Los Chingones's Lou Ortiz: "You'll always be a rookie in someone else's kitchen"
This is part two of my interview with Lou Ortiz, executive sous-chef at Los Chingones; part one of our chat ran earlier this week.
Most underrated Denver restaurant:
Go Fish on Broadway. They make awesome sushi, and it was the first sushi place I went to when I moved to Denver. I just never hear anyone raving about it, and they should be, because it really is that good. It may be slightly overshadowed by some of the more popular or trendy places in town, but it definitely shouldn't be passed up.
Who's the most underrated chef in Denver?
Jeff Hickman, the savory-items chef at Sugarmill. He makes the most amazing food that's full of flavor and texture, and he's a food scientist at heart and traditionally likes making classic gourmet American comfort food. I'd put his beef Wellington up against anyone, anywhere. He's one of the guys to watch in Denver.
What advice would you give to an aspiring young chef?
Be humble. No matter how great of a chef you may eventually become, you'll always be a rookie in someone else's kitchen. Never assume that there isn't something valuable you can learn from a line cook or a prep chef or a dishwasher. Everyone comes from different backgrounds and experiences, so use the knowledge from the people around you to grow as a whole. You'll be a stronger chef because of it.
What skills and attributes do you look for when hiring kitchen staff?
I look for industry passion and the willingness to learn and grow. I always ask cooks why they want to work for me, and if they say they need a job, or they just like working, then they don't make the cut. I want to hear things like "I love to cook," "I want to be a chef one day" or "I want to increase my knowledge about cooking and grow." Have the fire that shows that you'll take what I give to you and run with it. I'll take care of the rest.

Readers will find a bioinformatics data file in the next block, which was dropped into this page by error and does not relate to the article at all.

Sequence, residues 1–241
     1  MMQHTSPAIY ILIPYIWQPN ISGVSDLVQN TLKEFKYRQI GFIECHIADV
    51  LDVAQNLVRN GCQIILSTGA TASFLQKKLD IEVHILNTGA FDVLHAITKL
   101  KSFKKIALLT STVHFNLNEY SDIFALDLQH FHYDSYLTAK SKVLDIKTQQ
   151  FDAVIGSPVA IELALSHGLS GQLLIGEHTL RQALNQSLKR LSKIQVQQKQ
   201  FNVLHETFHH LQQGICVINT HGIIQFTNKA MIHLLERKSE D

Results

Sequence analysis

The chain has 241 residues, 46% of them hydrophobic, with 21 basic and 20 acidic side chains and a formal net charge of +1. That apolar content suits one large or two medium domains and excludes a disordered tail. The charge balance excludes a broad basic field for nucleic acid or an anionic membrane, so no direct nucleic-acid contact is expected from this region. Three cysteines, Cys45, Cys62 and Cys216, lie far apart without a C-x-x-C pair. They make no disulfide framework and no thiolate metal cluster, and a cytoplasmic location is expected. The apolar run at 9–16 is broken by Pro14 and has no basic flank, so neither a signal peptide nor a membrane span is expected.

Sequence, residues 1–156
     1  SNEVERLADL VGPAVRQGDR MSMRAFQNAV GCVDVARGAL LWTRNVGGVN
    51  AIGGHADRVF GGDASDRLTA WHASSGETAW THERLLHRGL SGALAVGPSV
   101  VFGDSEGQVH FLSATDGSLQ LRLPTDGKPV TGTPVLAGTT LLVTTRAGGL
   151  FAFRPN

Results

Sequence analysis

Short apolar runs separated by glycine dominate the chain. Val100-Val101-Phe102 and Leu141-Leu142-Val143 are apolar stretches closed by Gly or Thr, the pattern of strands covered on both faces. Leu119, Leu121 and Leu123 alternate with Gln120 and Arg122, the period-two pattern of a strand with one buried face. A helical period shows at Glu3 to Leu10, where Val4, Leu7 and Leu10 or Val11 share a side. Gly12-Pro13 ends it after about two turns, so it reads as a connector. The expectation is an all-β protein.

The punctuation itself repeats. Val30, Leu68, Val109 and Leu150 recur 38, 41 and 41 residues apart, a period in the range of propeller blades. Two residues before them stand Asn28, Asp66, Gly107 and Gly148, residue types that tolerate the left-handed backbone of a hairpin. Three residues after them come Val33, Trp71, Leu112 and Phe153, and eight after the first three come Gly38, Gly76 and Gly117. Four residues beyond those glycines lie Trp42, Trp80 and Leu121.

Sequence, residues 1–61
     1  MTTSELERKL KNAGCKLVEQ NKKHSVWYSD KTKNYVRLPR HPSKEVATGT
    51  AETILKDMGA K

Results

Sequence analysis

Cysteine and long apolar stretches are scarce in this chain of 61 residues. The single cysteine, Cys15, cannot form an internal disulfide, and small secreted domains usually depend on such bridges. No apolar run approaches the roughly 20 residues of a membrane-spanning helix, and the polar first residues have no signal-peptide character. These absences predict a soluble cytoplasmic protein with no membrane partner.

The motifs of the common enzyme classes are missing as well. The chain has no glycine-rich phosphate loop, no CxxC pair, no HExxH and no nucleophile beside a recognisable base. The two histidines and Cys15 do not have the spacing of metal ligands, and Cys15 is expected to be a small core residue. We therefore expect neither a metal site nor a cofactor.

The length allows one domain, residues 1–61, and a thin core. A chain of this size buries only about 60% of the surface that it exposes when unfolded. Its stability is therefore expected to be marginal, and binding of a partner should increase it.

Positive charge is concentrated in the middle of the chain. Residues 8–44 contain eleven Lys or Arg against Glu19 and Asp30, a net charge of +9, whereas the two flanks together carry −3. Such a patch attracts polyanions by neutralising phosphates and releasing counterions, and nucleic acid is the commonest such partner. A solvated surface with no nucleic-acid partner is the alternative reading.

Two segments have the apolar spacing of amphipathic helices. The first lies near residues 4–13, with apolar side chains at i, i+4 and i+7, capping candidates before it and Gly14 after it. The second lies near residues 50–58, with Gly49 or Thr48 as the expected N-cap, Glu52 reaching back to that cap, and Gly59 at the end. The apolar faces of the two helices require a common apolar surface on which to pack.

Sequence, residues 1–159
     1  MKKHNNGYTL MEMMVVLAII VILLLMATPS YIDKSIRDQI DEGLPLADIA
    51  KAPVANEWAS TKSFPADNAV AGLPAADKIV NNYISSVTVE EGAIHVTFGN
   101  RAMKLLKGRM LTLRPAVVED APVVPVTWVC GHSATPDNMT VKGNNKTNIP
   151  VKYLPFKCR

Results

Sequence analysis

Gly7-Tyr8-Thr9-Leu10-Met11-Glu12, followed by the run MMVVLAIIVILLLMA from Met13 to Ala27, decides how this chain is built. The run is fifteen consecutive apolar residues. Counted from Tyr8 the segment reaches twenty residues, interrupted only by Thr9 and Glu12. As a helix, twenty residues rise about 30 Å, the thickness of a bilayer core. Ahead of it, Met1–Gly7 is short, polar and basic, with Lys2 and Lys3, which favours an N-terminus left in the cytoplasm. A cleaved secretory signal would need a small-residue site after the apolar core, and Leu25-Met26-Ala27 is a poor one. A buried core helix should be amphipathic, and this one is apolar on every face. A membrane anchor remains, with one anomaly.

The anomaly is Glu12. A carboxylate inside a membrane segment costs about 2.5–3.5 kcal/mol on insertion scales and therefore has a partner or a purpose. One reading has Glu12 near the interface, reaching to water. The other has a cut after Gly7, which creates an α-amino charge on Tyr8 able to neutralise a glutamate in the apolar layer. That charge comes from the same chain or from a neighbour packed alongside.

What's your biggest challenge as a chef working in Denver?
Keeping up with the demand and wanting to be the best. Over 300 restaurants opened this year in the Denver area, and people obviously love to eat out, and it's my goal to make sure that Los Chingones is always a place that people want to go to, whether they live in Denver or they're just visiting. Since new competition is popping up all the time, I have to make sure I don't miss a beat; I have to stay ahead of the game. Python tacos, people, python tacos.
What recent innovation has most influenced the restaurant industry in a significant way?
I'd have to say foodie apps for phones, like LivingSocial, Groupon, Yelp, OpenTable or any other app out there that helps people find new restaurants and provides incentives. It's got to be challenging for diners to pick where to eat, with so many great restaurants in town, and I feel like these apps have encouraged people to be more adventurous in trying places that they haven't been instead of going to the same handful of places over and over again.
Favorite culinary-related gift you've been given:
A few months after I moved to Colorado from the East Coast, my previous boss, chef Mike Petrilla, sent me a goodbye-and-good-luck package. Inside there was a great chef's knife along with other nerdier things. The knife is one of the most valued tools in my chef's bag. It meant a lot. Still does.
Favorite culinary-related item to give as a gift:
Small nested glass bowls. I love using them at my house to line up ingredients for dinner and then as presentation dishes. They're just nice accessories all around, and most people don't have them -- and if they do, they can always use more.